Match is Women’s History Month. To mark the occasion, I will be discussing some of my favorite badass women from cinema. Some are warriors, some broke gender barriers, and some were just characters that were ahead of their time. My first female cinema badass is Yu Shu Lien from Crouching Tiger, Hidden Dragon.
I have to confess that Crouching Tiger, Hidden Dragon was the first martial arts film I saw and also the first foreign language film I saw in a theater. What an experience! There are so many remarkable things about the movie. There are the amazing sword fights, the gorgeous score, the epic sweep of the story, etc. But what really blew me away was that this wasn’t just a martial arts film that was there to show us great swordplay. Crouching Tiger, Hidden Dragon gave immense depth to its characters, especially the women. My favorite is Yu Shu Lien. She’s played in an astonishing performance by Michelle Yeoh. American audiences may remember her from the Bond film Tomorrow Never Dies. She proved to be every bit Bond’s equal. Here she gets to not just kick butt, but also have a more complex character arc.
Yu Shu Lien is a professional bodyguard during the Qing Dynasty. Her fiancée we learn, was murdered. He also happened to be the best friend of Li Mu Bai (Chow Yun-Fat), a Wudang swordsman with whom Yu Shu Lien is very close. As you can imagine, this adds complications to their feelings for one another. Li Mu Bai has finally decided to retire. He wants Yu Shu Lien to take his sword called Green Destiny to his friend Sir Te. But Green Destiny is stolen from Sir Te by a masked thief. Li Mu Bai and Yu Shu Lien team up to find the sword.
So, why do I put Yu Shu Lien in the pantheon of badass women of cinema? Well, for starters, her sword fighting skills are phenomenal. Often in action movies it’s the men who get to have all the good fight scenes and there’s a woman who needs to be saved. Not so in Crouching Tiger, Hidden Dragon. Yu Shu Lien is as strong and capable of taking care of herself as anyone else.
Another reason I include Yu Shu Lien is that her character doesn’t take easy paths in life. Yes, she has feelings for Li Mu Bai. But once her fiancée is murdered, they don’t just suddenly become an item. She still feels a bond to her fiancee. And Yu Shu Lien has many moments where she could have shown her conflict in a big ugly cry or over the top acting. But Michelle Yeoh plays the character in a way that’s brilliantly subtle. You sense her pain in her eyes and her physical mannerisms. There’s no melodrama in her performance.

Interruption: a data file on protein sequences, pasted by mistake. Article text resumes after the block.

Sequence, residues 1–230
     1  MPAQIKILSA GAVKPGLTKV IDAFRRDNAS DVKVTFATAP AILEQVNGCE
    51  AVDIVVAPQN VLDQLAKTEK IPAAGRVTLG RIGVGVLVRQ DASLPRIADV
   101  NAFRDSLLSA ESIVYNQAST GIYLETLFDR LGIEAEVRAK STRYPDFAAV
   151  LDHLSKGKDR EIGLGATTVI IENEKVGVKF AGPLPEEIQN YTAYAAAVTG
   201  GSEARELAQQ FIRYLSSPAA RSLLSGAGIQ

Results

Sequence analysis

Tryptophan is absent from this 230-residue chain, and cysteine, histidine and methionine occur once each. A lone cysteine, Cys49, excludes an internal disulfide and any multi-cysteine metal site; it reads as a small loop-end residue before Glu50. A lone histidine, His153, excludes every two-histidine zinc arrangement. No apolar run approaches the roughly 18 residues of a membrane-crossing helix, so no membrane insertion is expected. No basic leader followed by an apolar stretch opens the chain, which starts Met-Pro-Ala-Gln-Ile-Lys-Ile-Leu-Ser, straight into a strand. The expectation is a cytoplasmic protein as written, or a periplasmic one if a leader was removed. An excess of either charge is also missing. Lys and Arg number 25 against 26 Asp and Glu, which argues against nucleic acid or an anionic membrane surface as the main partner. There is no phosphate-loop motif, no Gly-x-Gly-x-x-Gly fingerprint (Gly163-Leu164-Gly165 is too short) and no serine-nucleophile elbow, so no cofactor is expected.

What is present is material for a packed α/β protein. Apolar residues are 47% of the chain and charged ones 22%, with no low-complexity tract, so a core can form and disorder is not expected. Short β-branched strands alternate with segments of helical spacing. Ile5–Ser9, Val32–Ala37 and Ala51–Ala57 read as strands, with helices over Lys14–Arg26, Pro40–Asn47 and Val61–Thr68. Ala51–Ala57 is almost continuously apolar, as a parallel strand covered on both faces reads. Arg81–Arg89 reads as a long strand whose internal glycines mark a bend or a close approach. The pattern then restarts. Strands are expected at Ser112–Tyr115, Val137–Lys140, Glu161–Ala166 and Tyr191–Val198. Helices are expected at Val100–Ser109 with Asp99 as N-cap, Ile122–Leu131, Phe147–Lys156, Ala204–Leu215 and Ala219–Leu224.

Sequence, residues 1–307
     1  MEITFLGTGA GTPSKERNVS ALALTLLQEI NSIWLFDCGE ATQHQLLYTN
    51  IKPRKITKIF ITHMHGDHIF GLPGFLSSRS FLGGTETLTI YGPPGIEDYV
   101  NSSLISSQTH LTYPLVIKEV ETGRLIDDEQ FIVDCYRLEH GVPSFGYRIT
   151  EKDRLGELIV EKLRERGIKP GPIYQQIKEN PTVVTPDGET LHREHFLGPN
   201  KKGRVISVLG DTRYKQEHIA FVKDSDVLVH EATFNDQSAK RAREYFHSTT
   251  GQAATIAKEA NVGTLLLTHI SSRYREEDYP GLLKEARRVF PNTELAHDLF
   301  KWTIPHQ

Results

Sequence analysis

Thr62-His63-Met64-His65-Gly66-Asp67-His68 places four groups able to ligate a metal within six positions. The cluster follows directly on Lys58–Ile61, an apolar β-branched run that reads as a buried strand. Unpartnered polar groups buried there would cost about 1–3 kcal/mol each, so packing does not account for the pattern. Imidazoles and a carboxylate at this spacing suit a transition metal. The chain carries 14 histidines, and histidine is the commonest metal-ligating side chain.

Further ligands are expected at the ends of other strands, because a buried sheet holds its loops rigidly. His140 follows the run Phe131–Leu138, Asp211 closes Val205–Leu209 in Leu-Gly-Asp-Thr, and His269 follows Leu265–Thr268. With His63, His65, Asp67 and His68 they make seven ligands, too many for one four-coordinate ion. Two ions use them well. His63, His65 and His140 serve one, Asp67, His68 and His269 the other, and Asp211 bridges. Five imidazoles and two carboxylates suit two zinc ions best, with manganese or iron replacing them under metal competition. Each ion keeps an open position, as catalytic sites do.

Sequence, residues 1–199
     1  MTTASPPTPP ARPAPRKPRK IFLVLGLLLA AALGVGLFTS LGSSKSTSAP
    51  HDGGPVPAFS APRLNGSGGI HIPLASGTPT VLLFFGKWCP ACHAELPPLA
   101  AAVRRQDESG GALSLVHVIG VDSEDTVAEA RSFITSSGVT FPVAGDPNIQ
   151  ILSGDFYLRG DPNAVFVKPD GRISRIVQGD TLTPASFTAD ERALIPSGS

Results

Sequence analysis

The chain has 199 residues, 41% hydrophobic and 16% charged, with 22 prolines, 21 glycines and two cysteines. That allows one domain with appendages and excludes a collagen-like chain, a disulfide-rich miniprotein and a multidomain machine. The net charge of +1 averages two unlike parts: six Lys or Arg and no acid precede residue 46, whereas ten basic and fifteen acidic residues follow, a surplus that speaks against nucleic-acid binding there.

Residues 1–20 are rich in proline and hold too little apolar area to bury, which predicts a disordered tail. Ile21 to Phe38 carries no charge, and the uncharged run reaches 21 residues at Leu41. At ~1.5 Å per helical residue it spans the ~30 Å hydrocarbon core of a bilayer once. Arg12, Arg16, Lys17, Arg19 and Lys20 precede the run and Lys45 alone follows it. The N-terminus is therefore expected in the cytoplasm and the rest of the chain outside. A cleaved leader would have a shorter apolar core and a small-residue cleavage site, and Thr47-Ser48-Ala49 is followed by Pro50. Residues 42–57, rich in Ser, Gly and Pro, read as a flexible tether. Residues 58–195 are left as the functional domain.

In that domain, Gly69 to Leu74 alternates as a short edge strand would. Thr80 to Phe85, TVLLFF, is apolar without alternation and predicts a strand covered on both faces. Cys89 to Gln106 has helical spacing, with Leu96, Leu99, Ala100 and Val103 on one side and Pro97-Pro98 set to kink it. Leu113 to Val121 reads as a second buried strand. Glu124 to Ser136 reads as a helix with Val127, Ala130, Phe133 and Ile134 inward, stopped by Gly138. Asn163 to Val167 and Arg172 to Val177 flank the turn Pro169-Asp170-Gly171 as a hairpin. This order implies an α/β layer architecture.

Finally, I really liked the way the relationship between Yu Shu Lien and Jen Yu (Ziyi Zhang) was handled.Yu Shu Lien teaches her a lot about life, but never claims to have all the answers. She doesn’t sugar coat how anything is. And then a sister-like bond develops between the two women as the film progresses. I appreciated that Yu Shu Lien never talks down to Jen Yu. Their dynamic never feels forced. These are two complex, fascinating leading ladies. When Yu Shu Lien finds out that (spoiler alert!) Jen Yu has betrayed her, it’s not resolved in a style reminiscent of a soap opera. They settle it not with a war of words but with combat. It’s not only action-packed, but we’re more invested in it because the women have been so well-developed leading up to that point.
It’s not enough to give a woman a sword to make her a badass. She has to have emotional complexity and not just be eye candy who’s there to end up with her love interest. The relationship between Yu Shu Lien and Li Mu Bai is romantic without spelling it out in capital letters. Yu Shu Lien is wise, world-weary, and devoted to her duty. She remains one of my favorite characters in all of cinema.